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Welcome to the Hamptons Battersea and Wandsworth end of year review and forecast for 2017.
The idea is to give you a sense of what we experienced though 2016 and some insight into what we expect from 2017.
The year started with plenty of optimism, we had just seen some of the most profitable years in recent times and capital growth was rife. The feeling amongst the industry was one of confidence and there was little worry that much would change. We entered 2016 with the looming increase in stamp duty which helped drive the market for the first quarter, applicant levels increased, those who had paused their search resumed it and it was clear there was an appetite to buy from anyone that could be affected by the additional 3% tax for second home owners. Despite a looming referendum surrounding the EU, confidence was high and people were buying.
Then came the shock result of the EU Referendum – to speak candidly like much of the nation or certainly those based in London with jobs or lives that could be affected by such a decision, I was worried. This clearly affected market sentiment and the general air of uncertainty did pause the market for a time.
However we remained resilient in Battersea. While those clients buying second homes or investments had all but ceased to exist this was a theme post stamp duty change and not post Brexit, This is exemplified by the 2nd quarter being our busiest across 2016 even when compared to the buoyant first quarter. We are more reliant on domestic based buyers looking to purchase long term homes. People who “need” to move as opposed to “want” to move, They are moving due to growing families, changings in life circumstances, job locations or a growing trend over the last few years – leaving London for the home counties, London suburbs.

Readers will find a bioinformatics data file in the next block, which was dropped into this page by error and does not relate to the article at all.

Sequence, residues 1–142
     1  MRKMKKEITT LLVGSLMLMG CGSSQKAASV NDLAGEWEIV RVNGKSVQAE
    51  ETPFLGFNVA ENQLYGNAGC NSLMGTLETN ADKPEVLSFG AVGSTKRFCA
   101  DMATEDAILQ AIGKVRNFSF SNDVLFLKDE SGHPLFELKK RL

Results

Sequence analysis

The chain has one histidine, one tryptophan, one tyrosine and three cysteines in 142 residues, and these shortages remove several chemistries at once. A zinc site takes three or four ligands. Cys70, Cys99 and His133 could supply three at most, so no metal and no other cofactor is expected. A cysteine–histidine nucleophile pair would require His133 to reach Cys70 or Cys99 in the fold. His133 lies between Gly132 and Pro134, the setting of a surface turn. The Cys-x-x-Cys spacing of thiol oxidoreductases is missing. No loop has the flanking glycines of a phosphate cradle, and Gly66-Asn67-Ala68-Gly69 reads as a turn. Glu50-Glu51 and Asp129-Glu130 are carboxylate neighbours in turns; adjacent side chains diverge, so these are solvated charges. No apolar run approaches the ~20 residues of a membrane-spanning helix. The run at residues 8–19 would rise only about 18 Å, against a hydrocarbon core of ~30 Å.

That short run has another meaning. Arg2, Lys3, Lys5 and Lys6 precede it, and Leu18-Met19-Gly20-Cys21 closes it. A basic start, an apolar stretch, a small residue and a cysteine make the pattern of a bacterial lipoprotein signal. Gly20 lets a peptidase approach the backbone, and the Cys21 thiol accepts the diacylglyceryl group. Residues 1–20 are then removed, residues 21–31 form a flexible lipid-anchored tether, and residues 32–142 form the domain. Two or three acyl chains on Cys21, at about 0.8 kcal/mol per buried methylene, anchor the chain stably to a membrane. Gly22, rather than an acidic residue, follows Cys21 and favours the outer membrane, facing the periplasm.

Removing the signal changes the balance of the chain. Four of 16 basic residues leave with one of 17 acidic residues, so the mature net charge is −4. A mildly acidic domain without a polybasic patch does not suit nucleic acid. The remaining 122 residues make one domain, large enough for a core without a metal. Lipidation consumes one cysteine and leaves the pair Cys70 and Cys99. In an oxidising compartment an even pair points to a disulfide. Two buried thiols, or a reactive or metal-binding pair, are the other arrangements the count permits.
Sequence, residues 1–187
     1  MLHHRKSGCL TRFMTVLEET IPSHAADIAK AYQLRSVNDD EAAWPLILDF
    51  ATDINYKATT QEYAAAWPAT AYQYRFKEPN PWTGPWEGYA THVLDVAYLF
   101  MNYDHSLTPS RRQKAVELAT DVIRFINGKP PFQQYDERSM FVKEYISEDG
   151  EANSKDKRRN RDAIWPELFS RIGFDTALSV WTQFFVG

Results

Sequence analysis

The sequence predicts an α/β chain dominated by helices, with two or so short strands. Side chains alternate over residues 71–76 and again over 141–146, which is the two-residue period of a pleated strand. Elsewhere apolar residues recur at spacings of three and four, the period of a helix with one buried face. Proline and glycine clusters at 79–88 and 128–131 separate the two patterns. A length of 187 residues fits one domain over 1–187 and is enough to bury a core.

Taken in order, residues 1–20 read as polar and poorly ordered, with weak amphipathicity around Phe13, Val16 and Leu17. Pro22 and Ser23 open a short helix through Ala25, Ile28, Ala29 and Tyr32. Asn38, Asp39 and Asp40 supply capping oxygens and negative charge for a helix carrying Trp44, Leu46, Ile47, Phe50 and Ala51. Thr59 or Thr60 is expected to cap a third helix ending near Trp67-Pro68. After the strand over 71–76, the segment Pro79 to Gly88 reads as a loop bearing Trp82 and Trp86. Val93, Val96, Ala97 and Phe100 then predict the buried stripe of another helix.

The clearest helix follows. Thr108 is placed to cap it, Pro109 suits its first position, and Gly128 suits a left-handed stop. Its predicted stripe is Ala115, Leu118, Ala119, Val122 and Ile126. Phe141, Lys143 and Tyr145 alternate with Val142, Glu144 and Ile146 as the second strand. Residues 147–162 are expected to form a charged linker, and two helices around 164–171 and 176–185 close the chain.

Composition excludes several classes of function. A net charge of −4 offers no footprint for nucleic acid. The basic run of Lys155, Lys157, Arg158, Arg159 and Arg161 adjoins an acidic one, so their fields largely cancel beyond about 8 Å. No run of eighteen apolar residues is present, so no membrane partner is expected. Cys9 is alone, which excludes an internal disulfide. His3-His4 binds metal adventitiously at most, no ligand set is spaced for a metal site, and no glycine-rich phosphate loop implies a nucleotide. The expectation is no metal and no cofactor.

This type of buyer remained consistent throughout 2016 not only due to a need to move to facilitate life changes but also because it was now physically possible to do so. For the first time in several years owners of property could actually buy and sell at the same time. For those outside of London this may be common but the pace of the market within the country’s capital in recent times meant many had to sell and rent in the interim to compete with chain free buyers. This more relaxed approach, especially for families, meant chains were more widely accepted and fall through rates decreased when compared to their typical national average. It also meant that they were financially able to upsize their home. In previous times if their asset rose by 10% so did their onward purchase and quite simply, priced them out of any potential move as wages failed to rise at the same pace.